Will British Columbia’s New NDP Government Abandon Past Spending Discipline?
— Published on February 14, 2018
- In many respects, British Columbia can currently boast of having the soundest fiscal position of any Canadian province. While other provinces, including Ontario and Alberta, have struggled in recent years with comparatively large budget deficits and significant debt accumulation, BC recorded a $2.7 billion operating surplus last year (2016/17)—its fourth consecutive operating surplus and the largest positive fiscal balance among the provinces.
- A key reason for BC’s favourable fiscal standing today is its relative spending discipline since 2001. After accounting for inflation and population, BC’s program spending increased at an average annual rate of 0.9 percent from 2002/03 to 2016/17—the lowest rate of any province. In Alberta and Ontario, program spending grew at faster annual rates—1.3 percent and 1.8 percent, respectively.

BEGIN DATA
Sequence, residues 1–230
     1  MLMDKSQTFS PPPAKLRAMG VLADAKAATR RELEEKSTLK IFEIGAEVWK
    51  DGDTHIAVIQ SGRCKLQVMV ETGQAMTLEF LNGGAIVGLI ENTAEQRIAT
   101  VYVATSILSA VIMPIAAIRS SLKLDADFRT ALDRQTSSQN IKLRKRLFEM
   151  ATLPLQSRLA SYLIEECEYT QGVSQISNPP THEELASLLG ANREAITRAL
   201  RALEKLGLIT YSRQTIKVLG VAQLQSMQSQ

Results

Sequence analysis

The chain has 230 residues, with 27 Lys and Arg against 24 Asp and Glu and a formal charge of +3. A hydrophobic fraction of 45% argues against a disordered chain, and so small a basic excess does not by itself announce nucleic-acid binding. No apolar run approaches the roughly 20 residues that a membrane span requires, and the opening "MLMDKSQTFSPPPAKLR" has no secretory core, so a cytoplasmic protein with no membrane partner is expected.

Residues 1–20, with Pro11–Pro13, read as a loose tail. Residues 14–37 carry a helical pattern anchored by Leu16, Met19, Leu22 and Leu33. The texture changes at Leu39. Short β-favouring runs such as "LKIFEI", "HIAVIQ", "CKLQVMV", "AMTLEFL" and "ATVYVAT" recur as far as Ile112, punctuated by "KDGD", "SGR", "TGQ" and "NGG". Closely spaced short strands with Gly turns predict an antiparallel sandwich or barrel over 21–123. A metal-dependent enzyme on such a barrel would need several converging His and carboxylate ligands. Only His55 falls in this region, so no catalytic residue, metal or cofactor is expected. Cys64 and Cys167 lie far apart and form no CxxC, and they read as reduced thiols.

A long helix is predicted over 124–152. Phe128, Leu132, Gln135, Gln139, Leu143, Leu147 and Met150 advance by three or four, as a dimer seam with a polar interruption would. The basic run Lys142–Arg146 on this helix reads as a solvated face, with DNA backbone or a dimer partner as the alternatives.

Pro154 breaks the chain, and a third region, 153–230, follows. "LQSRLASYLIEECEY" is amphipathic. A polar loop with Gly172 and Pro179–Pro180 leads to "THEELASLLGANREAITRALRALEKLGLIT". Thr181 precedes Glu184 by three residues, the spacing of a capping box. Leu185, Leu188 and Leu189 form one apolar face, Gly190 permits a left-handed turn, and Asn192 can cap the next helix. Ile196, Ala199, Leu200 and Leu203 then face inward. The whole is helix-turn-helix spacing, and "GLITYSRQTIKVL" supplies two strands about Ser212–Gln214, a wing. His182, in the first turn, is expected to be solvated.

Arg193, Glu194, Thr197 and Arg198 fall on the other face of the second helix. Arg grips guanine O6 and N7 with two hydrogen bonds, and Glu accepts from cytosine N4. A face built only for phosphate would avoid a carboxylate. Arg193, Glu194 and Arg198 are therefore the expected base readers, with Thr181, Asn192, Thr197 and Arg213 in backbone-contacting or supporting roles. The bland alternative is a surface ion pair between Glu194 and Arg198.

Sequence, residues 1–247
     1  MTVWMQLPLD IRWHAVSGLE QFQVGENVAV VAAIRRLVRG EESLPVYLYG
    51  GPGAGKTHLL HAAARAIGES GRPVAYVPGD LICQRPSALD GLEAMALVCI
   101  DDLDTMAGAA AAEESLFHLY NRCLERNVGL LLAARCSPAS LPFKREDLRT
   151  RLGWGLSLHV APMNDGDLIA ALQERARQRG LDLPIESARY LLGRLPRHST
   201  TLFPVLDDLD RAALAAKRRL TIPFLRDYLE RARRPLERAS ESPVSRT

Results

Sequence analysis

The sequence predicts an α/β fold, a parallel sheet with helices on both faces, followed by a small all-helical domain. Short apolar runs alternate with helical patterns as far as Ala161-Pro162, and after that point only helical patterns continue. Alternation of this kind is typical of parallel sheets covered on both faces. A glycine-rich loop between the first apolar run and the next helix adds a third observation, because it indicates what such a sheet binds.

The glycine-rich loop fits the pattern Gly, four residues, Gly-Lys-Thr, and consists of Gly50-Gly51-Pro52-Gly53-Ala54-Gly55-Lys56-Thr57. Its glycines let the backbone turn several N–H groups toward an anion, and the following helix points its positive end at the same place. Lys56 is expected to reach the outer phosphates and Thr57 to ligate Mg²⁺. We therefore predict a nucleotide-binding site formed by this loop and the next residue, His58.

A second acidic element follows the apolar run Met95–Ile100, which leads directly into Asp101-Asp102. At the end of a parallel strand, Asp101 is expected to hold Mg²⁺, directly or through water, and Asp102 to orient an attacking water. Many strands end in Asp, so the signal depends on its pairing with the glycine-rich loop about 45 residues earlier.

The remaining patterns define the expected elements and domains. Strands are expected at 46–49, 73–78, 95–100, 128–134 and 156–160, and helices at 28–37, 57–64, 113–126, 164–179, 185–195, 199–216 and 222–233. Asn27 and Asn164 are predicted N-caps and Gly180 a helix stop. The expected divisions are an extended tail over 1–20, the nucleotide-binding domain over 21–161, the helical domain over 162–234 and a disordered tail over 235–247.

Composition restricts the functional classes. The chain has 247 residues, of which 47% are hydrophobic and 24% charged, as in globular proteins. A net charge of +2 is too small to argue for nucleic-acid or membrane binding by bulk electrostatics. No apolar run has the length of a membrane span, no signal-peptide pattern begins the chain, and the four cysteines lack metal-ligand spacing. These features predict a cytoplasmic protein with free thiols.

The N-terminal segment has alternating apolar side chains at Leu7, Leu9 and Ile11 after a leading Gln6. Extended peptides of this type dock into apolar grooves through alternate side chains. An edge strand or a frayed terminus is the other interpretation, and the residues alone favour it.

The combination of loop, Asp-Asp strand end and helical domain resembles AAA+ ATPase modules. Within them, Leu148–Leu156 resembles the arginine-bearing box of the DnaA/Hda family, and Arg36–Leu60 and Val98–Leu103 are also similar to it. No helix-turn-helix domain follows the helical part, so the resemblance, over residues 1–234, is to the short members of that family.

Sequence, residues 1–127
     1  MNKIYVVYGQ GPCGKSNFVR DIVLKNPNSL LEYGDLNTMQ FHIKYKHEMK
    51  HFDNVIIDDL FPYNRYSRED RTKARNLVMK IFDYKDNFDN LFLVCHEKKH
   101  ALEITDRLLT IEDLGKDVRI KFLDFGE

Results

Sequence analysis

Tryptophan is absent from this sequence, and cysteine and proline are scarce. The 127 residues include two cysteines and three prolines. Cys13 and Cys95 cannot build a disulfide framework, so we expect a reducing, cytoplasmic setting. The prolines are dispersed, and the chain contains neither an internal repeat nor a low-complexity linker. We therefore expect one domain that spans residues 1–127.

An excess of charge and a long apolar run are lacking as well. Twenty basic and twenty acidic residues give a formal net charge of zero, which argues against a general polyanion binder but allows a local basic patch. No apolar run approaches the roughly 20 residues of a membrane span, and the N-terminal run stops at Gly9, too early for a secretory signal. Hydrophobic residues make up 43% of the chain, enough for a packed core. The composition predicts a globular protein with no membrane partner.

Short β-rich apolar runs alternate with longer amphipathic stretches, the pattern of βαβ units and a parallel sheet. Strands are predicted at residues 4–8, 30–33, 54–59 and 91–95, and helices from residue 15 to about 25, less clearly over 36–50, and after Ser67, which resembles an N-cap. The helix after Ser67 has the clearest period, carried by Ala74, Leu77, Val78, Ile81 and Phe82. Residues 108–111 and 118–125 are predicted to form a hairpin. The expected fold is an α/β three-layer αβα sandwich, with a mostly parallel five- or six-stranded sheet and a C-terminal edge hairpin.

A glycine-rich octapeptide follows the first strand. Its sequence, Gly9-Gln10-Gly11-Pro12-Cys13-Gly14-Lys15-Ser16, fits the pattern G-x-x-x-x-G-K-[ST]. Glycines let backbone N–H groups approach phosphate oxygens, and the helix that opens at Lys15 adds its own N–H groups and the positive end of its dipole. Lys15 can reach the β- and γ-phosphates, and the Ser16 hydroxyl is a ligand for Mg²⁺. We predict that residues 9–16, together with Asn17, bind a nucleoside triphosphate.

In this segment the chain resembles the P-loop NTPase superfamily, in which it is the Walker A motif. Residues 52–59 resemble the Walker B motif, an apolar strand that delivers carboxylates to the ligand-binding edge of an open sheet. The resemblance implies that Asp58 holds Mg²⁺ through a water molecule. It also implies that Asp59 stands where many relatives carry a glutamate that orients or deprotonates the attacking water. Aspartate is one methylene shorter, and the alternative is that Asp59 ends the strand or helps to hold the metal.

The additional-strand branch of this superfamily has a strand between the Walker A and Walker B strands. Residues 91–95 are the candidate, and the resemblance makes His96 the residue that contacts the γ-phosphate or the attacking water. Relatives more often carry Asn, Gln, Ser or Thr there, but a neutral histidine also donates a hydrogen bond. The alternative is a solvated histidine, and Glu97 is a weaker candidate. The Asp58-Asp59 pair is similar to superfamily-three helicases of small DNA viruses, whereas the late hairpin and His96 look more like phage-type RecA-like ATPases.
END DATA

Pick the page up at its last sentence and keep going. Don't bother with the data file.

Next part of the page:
- If BC had increased program spending at the same rate as Alberta, the province would today be spending approximately $54.5 billion instead of what it actually spent ($46.1 billion). If BC’s program spending had increased at the same rate as Ontario’s, its spending level would have been $55.0 billion—almost $9 billion higher than was in fact the case. If spending increases in BC had grown at the average rate of the Canadian provinces (excluding BC), program spending in 2016/17 would have been $56.4 billion, approximately $10 billion more than the actual figure.
- From 2001/02 to 2016/17, BC ran nine operating budget surpluses and seven budget deficits, totaling an aggregate surplus of $10 billion over the period. Under each of the alternative spending scenarios, BC’s fiscal outcomes since 2001 would have been dramatically worse.
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